FieldOfViewDetector fovDetector = new FieldOfViewDetector(sta1Frame, fov);

  // here, we must revert the sign of the fov detector, so positive means visible (for the raw detector, negative means visible)
  BooleanDetector bd = BooleanDetector.andCombine(sta1Visi, new NegateDetector(fov));

  // now we can add the boolean detector to the propagator (NOT the raw detectors)

Something wrong happened. How could I fix it?

Sorry, I should have written new NegateDetector(fovDetector).

Could you please explain the specific meaning of this code?

Event detectors in Orekit are a way to detect discrete events occurring during the continuous process of propagation. The events precise location in time may be unknown when the propagator is configured to look for the event, the propagator will discover the event occurrence time on the fly. In order to do that, the event is not defined by this time directly but by a so-called g function that depends on spacecraft state, i.e. time, orbit, attitude, mass and any additional state users may have embedded into the spacecraft state. When this g function changes sign, either going from positive to negative or from negative to positive, then we consider the event occurs. If a function goes from positive to negative, then back to positive, then back to negative, the event will be triggered several time, once at each zero crossing. A simple example would be a g function equal to the Z coordinate of the spacecraft, this event would be triggered at each equator crossing (i.e. when Z changes sign): it is exactly how NodeDetector works.

Here we want to combine two conditions: a ground station must see a satellite taking its orbit into account and at the same time this station must be in the field of view of the satellite taking into account both its orbit and its attitude. The g function will therefore be somewhat complicated. We build it in several steps by combining two underlying functions.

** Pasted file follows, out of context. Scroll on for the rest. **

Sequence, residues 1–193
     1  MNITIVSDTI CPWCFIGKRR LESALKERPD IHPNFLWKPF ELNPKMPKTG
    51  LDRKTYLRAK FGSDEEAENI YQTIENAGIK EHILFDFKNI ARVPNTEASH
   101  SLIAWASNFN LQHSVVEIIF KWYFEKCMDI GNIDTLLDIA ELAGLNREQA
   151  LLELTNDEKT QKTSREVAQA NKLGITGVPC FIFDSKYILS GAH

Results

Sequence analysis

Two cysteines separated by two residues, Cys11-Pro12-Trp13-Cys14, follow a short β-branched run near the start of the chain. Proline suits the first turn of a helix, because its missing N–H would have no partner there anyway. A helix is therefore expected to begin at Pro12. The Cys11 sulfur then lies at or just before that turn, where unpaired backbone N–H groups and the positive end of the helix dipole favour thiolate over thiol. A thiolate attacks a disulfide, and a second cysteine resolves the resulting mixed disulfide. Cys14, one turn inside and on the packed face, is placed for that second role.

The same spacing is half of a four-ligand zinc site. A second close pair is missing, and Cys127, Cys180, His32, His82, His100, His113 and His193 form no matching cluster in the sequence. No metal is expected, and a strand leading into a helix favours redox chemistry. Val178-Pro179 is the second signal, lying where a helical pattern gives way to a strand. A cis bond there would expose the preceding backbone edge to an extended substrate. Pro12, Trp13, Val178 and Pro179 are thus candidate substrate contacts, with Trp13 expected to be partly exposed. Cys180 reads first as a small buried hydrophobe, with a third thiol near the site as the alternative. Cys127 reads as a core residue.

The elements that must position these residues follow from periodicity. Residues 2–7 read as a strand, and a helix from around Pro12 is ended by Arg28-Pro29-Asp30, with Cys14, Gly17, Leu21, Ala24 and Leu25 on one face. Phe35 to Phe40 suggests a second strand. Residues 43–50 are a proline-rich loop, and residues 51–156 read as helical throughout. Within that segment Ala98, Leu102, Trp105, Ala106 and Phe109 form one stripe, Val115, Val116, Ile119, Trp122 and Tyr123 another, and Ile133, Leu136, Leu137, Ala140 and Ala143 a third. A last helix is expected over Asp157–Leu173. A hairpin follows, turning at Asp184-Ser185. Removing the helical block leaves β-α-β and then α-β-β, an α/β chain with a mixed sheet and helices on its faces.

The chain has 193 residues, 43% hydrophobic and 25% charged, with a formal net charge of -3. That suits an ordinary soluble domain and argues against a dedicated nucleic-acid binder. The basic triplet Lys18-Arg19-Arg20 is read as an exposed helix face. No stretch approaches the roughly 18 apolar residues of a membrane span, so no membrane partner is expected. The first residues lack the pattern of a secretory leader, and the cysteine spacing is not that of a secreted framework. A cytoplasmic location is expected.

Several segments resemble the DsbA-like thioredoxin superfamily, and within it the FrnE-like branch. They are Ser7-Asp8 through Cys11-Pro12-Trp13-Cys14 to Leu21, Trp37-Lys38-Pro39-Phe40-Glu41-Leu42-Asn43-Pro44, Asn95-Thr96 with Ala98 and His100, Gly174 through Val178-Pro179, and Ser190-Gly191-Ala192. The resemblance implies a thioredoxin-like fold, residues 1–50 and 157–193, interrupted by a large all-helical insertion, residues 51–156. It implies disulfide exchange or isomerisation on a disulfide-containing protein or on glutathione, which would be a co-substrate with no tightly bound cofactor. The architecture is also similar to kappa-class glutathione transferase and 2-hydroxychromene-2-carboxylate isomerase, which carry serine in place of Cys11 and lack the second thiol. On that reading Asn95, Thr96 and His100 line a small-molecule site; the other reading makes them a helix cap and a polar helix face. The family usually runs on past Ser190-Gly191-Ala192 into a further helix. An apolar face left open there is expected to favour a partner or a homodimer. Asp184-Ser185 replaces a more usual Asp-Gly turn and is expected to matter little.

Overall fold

As we want the logical and of two conditions (visibility of satellite from ground and visibility of station from satellite), we use BooleanDetector.andCombine(d1, d2) which combines the g function of detector d1 with the g function of detector d2, assuming the meaning of both g function is positive when the corresponding condition is true and negative when it is false, i.e. this boolean combination does implies a more stringent condition on g functions that traditional detectors: not only does it consider event occurs when the sign changes, but it also implies some meaning to the sign when it is not zero.

So we want detector d1 to represent the condition satellite is visible from ground and we want detector d2 to represent condition station visible from satellite field of view.

We therefore use ElevationDetector as detector d1, because looking at its g function we see it is positive when the satellite is above the specified triggering elevation (5.0° in your case), so it already has the meaning we want. In fact, the g function here is just the satellite elevation minus the specified triggering elevation.

For detector d2, we cannot use directly FieldOfViewDetector because unfortunately the meaning of its g function is not what we want: the function is negative when the target point (here the ground station) is within the field of view and positive when it is outside the field of view: it has exactly the reverse sign of what we want! So we use new NegateDetector(fovDetector) to reverse the sign before performing the and combination.

With this combination, the start and end of visibility events will be triggered only when the two conditions are fulfilled, i.e. when the satellite is above specified elevation and station is within field of view as seen from satellite.

OK, thank you. I will give it a try.